A the Enugu State University Teaching Hospital, the strike was not total as the management of the hospital mobilized Youth Corps doctors to attend to patients. Even at that the consultants were seen attending to very serious cases.
But the chairman of the resident doctors of the hospital, Dr. Nebo insisted that the strike was total and effective.
Significant drop in activities in Calabar Teaching Hospital
Activities at the University of Calabar Teaching Hospital (UCTH) have dropped significantly since the strike action began.
President of the UCTH branch of NARD, Dr Akanimo Ekereuke, said resident doctors in the hospital were 100 per cent compliant with the strike from the national body.
He said those found on duty were not resident doctors.
Akanimo, who is also the Senior Registrar in the Department of Family Medicine said, “The strike is total and we are not going back for now. The resident doctors are 100 per cent compliant with the strike. The consultants are working. They are not part of resident doctors. There also principal medical officers. Those ones are not resident doctors, so they can also work. All the resident doctors are on strike including house officers and medical officers below the rank of Principal Medical Officers.”
The hospital was still admitting patients, but with the warning that they may not get a doctor’s attention immediately, as only very few consultant doctors were available. Many of the operations to be carried out in the operating theatres were also postponed as the doctors handling most are residents. The most critical ones were taken over by consultants who could work on them, while others were left stranded.
A patient, Edet, who was to undergo an appendicitis operation, who was left stranded, said he was at a loss of what to do.
“Right now the doctor who was to attend to me has left me hanging and I am confused as it is. They have asked me to queue because very few consultants are available and that I may have to wait a long time. The other alternative I have is to go somewhere else, likely a private hospital but that is more expensive and I don’t have that kind of money. Right now the economy is not favourable and with this situation, I don’t know if they want to kill us in this country. Something must be done urgently.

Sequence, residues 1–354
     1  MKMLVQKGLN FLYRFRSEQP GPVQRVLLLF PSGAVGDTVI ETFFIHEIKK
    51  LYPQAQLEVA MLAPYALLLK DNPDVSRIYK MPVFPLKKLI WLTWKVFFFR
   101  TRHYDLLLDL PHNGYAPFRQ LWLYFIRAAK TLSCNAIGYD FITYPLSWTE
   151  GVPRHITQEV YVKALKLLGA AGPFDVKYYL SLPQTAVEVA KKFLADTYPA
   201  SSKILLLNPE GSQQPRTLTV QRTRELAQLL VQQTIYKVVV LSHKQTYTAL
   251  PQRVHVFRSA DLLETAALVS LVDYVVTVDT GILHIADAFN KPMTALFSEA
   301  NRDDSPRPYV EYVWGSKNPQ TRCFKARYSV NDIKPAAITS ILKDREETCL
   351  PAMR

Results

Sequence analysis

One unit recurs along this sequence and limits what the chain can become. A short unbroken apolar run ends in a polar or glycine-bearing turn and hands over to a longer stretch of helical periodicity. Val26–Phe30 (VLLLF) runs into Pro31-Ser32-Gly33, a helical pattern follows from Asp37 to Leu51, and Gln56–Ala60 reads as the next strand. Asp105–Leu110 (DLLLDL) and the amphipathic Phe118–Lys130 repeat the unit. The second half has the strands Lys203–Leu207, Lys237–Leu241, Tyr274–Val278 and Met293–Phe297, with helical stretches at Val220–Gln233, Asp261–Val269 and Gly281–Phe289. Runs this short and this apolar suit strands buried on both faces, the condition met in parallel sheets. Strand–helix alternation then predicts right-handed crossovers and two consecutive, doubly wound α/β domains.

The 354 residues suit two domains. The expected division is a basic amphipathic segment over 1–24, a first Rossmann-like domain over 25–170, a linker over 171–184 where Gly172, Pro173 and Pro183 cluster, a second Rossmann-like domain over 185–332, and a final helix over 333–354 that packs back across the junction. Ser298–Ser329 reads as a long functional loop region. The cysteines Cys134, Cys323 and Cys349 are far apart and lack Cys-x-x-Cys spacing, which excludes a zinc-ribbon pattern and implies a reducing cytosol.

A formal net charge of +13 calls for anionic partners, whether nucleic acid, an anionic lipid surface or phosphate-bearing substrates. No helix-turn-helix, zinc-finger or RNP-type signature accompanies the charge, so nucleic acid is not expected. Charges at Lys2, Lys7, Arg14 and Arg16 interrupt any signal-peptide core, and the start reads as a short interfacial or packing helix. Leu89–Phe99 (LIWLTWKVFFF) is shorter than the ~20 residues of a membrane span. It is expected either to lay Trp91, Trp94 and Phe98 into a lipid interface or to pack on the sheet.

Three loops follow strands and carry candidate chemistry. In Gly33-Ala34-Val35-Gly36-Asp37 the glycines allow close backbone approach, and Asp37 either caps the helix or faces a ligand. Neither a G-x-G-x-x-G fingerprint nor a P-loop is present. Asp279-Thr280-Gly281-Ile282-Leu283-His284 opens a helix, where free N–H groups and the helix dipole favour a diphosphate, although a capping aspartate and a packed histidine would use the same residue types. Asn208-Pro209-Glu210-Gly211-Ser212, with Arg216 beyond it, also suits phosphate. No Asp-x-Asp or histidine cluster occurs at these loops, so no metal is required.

When contacted the Chief Medical Director of UCTH, Dr Thomas Agan, said “We are still in negotiations. We are in Abuja. It is the weekend that I would be in a better position to say something.”
Consultants, nurses to the rescue in Kaduna
In Kaduna State, the strike has been very effective, from Ahmadu Bello University Teaching Hospital (ABUTH) to National Eye Centre and National Ear Care Centre (NECC). However, consultants and nurses have taken over the services.
It was gathered that activities at both sites of Ahmadu Bello University Teaching Hospital (ABUTH), Shika and Tudun-Wada, Zaria have remained paralysed.
Patients to the hospital with various ailments were seen being turned back, while those who had been on admission before the commencement of the strike were being attended to by few consultants and nurses on duty.
A disappointed patient, Hajia Rabi Usman said, she was highly disturbed on reaching the hospital to discover that doctors are on strike and nobody to attend to them.
According to her, “I have been down with Malaria for the past two weeks now. I have been to a private hospital in my neighbourhood, but the symptoms refused to go. So, the only alternative I thought I had for a comprehensive treatment is a teaching hospital, but here we are, doctors are on strike. So, we are now at the mercy of private hospitals, which are not as competent and equipped as the government hospitals.”
Similarly, at the National Eye Centre Kaduna, consultants, nurses, laboratory scientists, pharmacists and some other health workers were seen going about their duties.
Only few patients were seen in the various wards and waiting rooms compared to the heavy influx of patients across the country to the specialist hospital.
However, the Chief Medical Director (CMD), ABUTH, Prof. Lawal Khalid told journalists that, the problem was not peculiar to the hospital as it was a nationwide strike.
Patients are now trooping into major private hospitals like, St. Gerard’s Catholic Hospital and others to seek alternative medical care.
However, while the strike lasts, the minister of health Prof. Isaac Adewole, has directed heads of federal government hospitals to ensure that all other medical doctors in the other strata are available to fill the vacuum.